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What’s for shipping in China’s 13th Five-Year Plan?

What’s for shipping in China’s 13th Five-Year Plan?
With the conclusion of the 2016 Chinese Lunar New Year and the start of the Year of the Monkey under the Chinese calendar, China has recently published the draft of its 13th Five-Year Plan (2016-2020), a blueprint for economic and social reforms and developments.

There are as many as 100 targets for China to achieve over the five-year period ahead, and naturally shipping and maritime related issues only account for a small number of them. In selecting what is relevant to shipping, there are a handful of goals such as developing “smart ports”, extending deepwater and subsea activities, constructing more ice-breaking vessels, and transforming the ship equipment industry.

In the area of ports development, the ports of Shanghai, Tianjin, Dalian, Xiamen, Shenzhen, Guangzhou, Qingdao and Ningbo-Zhoushan will go through some structural changes to promote them as shipping hubs to the world.

The idea of “smart ports” has been mooted as the plan outlines the wider use and application of various technology to greatly raise port productitivity and efficiency, while reducing manpower wastage through automation.

While not so much shipping related but ocean-related, China is looking at developing its deepwater activities via the deployment of drillships and engaging in more subsea geological research. China Shipbuilding Industry Corporation’s (CSIC) 702 Research Institute has introduced a so-called “deepwater space station’, a manned submersible type of deepsea unit to engage in complex, subsea work for scientific and research purposes.

Beijing buys the idea that having a greater grasp on deepsea R&D is an important milestone to achieve if China is to become a maritime powerhouse on the global stage.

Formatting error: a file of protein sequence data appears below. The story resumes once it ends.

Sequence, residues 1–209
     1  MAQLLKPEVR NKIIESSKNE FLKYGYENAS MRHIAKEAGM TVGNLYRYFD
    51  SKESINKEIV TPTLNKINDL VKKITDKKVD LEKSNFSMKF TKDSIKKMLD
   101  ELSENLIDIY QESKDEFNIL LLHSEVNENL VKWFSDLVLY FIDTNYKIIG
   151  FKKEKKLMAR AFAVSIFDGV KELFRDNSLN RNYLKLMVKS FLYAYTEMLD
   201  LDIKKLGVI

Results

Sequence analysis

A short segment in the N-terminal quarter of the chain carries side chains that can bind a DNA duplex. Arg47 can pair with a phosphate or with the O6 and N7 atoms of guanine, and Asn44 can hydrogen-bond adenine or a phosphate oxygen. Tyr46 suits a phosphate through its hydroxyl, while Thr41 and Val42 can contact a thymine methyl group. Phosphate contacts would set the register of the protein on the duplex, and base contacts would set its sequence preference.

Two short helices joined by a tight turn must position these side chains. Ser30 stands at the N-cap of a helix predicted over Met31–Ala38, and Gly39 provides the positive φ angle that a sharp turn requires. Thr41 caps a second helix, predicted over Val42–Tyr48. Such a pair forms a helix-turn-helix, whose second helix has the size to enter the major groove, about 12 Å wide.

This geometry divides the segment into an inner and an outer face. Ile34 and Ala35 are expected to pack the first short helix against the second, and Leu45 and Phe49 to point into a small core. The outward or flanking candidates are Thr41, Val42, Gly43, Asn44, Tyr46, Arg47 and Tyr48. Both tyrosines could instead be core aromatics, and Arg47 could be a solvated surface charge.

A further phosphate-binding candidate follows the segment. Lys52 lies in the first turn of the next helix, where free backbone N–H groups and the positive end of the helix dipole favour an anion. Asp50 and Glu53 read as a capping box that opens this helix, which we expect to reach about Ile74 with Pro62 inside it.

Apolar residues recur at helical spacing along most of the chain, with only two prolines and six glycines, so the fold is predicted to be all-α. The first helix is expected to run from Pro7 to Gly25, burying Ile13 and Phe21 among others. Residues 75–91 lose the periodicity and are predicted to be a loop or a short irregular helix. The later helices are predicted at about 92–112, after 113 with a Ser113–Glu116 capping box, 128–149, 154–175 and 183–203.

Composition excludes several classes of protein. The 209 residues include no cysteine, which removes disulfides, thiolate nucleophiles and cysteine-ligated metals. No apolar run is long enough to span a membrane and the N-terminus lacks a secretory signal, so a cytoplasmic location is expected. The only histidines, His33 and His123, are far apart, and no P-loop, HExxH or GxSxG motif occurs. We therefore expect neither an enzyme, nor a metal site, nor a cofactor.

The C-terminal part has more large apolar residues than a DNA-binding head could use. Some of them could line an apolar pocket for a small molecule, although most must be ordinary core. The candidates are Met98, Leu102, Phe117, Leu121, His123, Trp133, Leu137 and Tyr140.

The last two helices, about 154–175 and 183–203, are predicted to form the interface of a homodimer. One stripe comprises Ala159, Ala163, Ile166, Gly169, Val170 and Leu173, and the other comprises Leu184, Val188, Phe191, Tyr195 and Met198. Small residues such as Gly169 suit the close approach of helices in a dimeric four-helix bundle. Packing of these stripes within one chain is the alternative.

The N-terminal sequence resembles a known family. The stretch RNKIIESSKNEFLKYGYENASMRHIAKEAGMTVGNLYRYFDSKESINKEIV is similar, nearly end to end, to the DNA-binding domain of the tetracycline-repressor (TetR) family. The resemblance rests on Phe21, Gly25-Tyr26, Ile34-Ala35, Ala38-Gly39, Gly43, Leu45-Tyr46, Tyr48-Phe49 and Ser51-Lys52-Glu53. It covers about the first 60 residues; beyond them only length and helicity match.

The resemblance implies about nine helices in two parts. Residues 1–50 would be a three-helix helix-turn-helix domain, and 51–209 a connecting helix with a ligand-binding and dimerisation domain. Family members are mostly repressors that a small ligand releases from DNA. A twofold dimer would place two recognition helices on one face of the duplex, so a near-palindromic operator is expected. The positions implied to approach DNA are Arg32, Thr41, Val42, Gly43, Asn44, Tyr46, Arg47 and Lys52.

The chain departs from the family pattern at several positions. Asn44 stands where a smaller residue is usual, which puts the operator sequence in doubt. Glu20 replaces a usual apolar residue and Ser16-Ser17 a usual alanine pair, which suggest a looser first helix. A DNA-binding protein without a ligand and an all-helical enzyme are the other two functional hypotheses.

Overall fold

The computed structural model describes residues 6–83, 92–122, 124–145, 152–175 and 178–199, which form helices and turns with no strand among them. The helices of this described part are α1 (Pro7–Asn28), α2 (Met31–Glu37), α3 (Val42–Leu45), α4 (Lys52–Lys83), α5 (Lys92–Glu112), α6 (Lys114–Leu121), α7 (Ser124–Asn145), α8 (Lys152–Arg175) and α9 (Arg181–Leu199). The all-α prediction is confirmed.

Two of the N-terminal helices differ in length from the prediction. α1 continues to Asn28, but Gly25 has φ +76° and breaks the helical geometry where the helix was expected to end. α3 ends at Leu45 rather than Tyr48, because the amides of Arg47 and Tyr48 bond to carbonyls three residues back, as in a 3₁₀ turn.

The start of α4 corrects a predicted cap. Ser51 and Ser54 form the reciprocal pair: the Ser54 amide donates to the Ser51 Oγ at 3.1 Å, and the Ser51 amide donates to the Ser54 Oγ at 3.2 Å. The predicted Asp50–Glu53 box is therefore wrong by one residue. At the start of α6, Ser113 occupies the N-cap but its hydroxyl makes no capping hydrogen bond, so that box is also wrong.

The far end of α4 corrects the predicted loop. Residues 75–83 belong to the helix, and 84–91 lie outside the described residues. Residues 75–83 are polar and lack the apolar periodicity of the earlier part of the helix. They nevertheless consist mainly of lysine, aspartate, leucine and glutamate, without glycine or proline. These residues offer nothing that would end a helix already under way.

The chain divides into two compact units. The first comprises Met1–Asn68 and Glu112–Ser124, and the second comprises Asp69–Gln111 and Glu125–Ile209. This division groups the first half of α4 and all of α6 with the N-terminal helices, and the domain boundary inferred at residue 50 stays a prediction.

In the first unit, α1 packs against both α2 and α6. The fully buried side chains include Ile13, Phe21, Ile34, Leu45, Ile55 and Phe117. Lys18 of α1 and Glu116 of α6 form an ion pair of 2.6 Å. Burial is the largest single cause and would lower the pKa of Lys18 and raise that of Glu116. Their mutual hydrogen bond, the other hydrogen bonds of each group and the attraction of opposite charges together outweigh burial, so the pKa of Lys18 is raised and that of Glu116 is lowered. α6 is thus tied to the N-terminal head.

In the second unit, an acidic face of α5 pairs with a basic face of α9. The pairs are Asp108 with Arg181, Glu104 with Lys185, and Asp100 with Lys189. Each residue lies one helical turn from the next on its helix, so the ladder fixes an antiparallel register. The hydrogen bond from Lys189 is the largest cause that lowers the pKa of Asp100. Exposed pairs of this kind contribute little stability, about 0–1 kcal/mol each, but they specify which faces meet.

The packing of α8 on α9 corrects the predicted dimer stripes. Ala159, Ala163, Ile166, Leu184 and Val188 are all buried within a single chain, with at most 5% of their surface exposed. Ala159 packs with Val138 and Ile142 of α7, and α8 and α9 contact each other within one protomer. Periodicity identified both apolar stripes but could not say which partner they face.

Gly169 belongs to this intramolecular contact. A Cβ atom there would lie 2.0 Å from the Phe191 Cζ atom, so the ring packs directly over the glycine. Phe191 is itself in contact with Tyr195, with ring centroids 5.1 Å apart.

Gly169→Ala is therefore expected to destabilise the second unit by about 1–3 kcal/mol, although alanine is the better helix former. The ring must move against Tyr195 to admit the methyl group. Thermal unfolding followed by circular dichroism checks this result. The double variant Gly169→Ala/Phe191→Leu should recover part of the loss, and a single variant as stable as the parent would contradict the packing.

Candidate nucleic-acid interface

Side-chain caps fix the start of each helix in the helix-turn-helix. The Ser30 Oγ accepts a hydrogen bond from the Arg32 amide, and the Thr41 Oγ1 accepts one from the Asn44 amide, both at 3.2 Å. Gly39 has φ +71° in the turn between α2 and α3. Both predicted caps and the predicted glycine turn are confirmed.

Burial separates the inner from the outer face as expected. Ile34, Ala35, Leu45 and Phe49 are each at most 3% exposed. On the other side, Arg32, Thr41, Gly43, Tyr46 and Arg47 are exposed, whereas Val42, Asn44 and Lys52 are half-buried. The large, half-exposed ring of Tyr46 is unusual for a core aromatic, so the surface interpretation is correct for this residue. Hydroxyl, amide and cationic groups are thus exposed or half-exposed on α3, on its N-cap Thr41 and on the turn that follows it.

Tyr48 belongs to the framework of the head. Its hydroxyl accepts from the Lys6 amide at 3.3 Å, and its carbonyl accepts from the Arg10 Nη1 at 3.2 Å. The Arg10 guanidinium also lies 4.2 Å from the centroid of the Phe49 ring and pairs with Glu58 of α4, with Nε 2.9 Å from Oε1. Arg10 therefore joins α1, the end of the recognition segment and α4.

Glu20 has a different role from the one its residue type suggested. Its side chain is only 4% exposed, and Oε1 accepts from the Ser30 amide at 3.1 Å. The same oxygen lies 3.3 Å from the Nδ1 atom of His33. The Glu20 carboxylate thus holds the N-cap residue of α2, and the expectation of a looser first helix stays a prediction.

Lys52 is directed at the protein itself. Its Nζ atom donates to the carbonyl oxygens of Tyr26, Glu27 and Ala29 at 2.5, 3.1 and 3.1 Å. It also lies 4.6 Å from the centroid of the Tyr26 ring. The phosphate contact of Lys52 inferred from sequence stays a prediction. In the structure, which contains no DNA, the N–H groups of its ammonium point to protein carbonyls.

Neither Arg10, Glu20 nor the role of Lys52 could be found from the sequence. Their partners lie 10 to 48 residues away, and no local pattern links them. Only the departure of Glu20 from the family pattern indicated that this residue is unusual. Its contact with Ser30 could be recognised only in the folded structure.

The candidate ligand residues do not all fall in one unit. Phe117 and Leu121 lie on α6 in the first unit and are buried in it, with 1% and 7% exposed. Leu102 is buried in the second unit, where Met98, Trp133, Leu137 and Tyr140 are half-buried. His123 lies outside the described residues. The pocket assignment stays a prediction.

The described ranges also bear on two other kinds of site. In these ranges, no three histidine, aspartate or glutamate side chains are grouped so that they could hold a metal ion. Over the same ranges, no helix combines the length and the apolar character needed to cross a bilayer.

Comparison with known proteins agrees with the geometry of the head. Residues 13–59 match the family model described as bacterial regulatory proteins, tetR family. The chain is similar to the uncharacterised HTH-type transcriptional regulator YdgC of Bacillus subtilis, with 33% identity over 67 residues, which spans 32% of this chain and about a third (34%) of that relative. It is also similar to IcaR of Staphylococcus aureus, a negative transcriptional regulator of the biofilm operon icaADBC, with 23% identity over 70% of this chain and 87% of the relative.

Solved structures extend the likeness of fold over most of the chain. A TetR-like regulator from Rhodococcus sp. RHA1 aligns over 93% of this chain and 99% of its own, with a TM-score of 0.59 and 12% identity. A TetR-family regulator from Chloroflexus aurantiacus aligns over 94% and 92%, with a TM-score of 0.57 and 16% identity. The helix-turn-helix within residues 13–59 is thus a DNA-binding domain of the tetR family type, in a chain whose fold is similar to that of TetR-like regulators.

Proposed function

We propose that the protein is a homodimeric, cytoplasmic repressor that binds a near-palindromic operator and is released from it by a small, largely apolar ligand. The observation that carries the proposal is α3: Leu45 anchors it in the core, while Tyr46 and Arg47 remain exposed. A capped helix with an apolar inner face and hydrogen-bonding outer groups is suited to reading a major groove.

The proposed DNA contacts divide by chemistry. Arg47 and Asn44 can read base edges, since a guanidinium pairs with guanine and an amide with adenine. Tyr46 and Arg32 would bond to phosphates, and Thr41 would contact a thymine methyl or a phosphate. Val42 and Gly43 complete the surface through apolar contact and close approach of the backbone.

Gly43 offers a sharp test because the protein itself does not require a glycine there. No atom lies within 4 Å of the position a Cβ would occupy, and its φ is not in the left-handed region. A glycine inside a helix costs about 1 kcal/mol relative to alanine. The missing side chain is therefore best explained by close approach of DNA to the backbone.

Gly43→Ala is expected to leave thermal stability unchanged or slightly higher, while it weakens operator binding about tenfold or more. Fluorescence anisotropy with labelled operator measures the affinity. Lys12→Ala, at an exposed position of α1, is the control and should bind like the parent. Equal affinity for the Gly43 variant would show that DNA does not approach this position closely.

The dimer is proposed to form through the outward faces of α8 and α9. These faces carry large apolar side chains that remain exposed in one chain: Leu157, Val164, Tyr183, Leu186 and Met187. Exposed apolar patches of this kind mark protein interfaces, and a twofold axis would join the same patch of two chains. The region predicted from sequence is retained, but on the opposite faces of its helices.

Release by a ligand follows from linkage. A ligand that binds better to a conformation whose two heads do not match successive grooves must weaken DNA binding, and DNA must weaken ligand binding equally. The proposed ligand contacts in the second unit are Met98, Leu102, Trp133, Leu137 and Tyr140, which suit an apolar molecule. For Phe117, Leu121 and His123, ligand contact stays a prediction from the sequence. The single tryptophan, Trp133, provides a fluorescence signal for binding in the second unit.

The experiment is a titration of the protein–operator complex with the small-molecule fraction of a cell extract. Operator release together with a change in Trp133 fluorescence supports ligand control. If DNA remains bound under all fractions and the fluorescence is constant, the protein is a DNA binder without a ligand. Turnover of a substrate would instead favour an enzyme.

The five-year plan also proposes for China to build more ice-breaking vessels to support polar expeditions. The country currently has only one ice-breaker in operation, and a second has recently passed the design stage.

China believes that only through extensive ocean surveys will it be able to enhance its understanding of the oceans, and thus help in environmental protection as well as giving the country a louder voice on the international maritime arena.

Under the ship equipment category, the five-year plan aims to complete ship-related R&D works, establish worldclass ship design and equipment manufacturing facilities, and have greater control over the design and production of ship engines and other operating systems. The ship equipment action plan also seeks to strengthen core technology R&D, carry out quality branding building exercise, and promote the demonstration and application of key components.

The five-year plan, meanwhile, also includes restructural reform of the industrial supply that is suffering from excessive capacity. The curb on such supply particularly in the steel-making and coal sectors is expected to increase commodity imports and hence boost activity for dry bulk shipping.

All in all, not an awful lot directly touches on shipping under the new five-year plan. But the ones listed will still help to consolidate China’s position as a growing maritime nation.